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The NFL, salaries, success and the chaos of relative fairness


By Sportingintelligence

6 February 2012

The NFL has the ‘fairest’ distribution of salaries across its 32 teams of any of the ‘big five’ US sports leagues (NBA, MLB, NFL, NHL and MLS) when you take into consideration the differential between the best paid team and the worst paid team. It is also much fairer than any major football (soccer) league.

This was one finding in the Sportingintelligence Global Sports Salaries Survey 2011, which was published in April last year and also revealed Barcelona and Real Madrid had overtake the NY Yankees as the world’s best paid sports team, and that the NBA is the world’s best paid league by average earnings per player.

In our 2011 report, we found that the best paid NFL team, the Washington Redskins, had average first-team pay of £1,736,648 per year in the 2010-11 season ($2,778,636), or £33,397 per week ($53,435), which was ‘only’ 1.79 times as much as the worst paid NFL team that season, the Tampa Bay Bucs (owned by the Glazers of Manchester United fame), where average first-team pay was £1,014,818 ($1,623,709) and weekly pay was £19,516 ($31,225).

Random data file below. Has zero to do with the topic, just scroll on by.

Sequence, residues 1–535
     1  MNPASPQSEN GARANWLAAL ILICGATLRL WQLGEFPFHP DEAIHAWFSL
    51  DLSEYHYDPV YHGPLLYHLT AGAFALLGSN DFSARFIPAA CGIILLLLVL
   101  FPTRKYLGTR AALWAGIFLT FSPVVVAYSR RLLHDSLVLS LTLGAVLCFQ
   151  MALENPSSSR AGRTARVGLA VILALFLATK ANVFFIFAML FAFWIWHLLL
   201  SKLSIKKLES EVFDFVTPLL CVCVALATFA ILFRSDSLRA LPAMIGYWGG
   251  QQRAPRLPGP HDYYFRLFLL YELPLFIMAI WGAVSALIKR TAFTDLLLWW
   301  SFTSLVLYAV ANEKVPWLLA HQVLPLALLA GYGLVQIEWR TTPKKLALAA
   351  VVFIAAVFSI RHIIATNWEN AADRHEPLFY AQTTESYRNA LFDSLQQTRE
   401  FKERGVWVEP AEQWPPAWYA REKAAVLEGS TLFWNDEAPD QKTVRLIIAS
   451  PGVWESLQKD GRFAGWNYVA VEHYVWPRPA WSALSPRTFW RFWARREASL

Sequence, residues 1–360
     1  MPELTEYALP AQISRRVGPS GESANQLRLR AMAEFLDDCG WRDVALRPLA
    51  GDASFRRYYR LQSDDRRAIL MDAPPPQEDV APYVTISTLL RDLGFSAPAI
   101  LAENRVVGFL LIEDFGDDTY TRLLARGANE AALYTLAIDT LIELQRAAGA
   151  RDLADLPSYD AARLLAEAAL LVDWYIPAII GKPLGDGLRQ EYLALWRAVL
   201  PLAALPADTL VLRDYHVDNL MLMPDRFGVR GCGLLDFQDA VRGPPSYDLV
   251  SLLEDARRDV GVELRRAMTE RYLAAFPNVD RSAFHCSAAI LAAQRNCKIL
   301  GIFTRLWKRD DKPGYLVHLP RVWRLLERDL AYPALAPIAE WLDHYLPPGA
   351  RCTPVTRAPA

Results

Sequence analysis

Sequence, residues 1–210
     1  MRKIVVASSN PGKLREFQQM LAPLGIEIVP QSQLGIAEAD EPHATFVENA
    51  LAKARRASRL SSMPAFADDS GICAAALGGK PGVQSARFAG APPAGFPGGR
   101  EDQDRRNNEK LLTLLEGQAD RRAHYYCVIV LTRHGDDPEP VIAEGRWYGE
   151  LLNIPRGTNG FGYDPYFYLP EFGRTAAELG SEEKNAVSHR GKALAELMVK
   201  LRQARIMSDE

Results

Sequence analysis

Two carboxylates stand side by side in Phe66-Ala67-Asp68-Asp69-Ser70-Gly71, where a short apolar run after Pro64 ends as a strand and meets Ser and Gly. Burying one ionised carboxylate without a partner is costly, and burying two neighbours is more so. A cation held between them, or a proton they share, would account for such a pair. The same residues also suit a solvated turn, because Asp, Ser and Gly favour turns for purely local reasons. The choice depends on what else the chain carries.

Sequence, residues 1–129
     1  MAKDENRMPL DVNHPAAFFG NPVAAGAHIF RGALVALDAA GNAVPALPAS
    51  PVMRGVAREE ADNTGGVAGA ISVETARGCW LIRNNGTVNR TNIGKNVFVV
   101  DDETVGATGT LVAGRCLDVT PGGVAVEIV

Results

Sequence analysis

That 1.79-1 ratio was better than in the other US sports although not hugely ahead of the NBA (1.96-1) and the NHL (1.99-1) while the MLB (6.38-1) had a bigger differential than the MLS (6.32-1).

For truly ‘unfair’ distribution, look no further than Spain’s La Liga (39.47-1) and Scotland’s SPL (34.2-1).

The fairest of all leagues considered in the full report of 14 leagues in 10 countries across seven sports, was Australia’s AFL Aussie Rules (ratio 1.08-1).

The full 78-page report contains an overview of pay per team and some rudimentary analysis league-by-league of the relationship between pay and performance in each league.

Given last night’s Super Bowl between the Giants and the Patriots, and the interest on Twitter in these themes, below are four of the pages from the GSSS 2011 dealing specifically with the NFL and its chaos of relative fairness.



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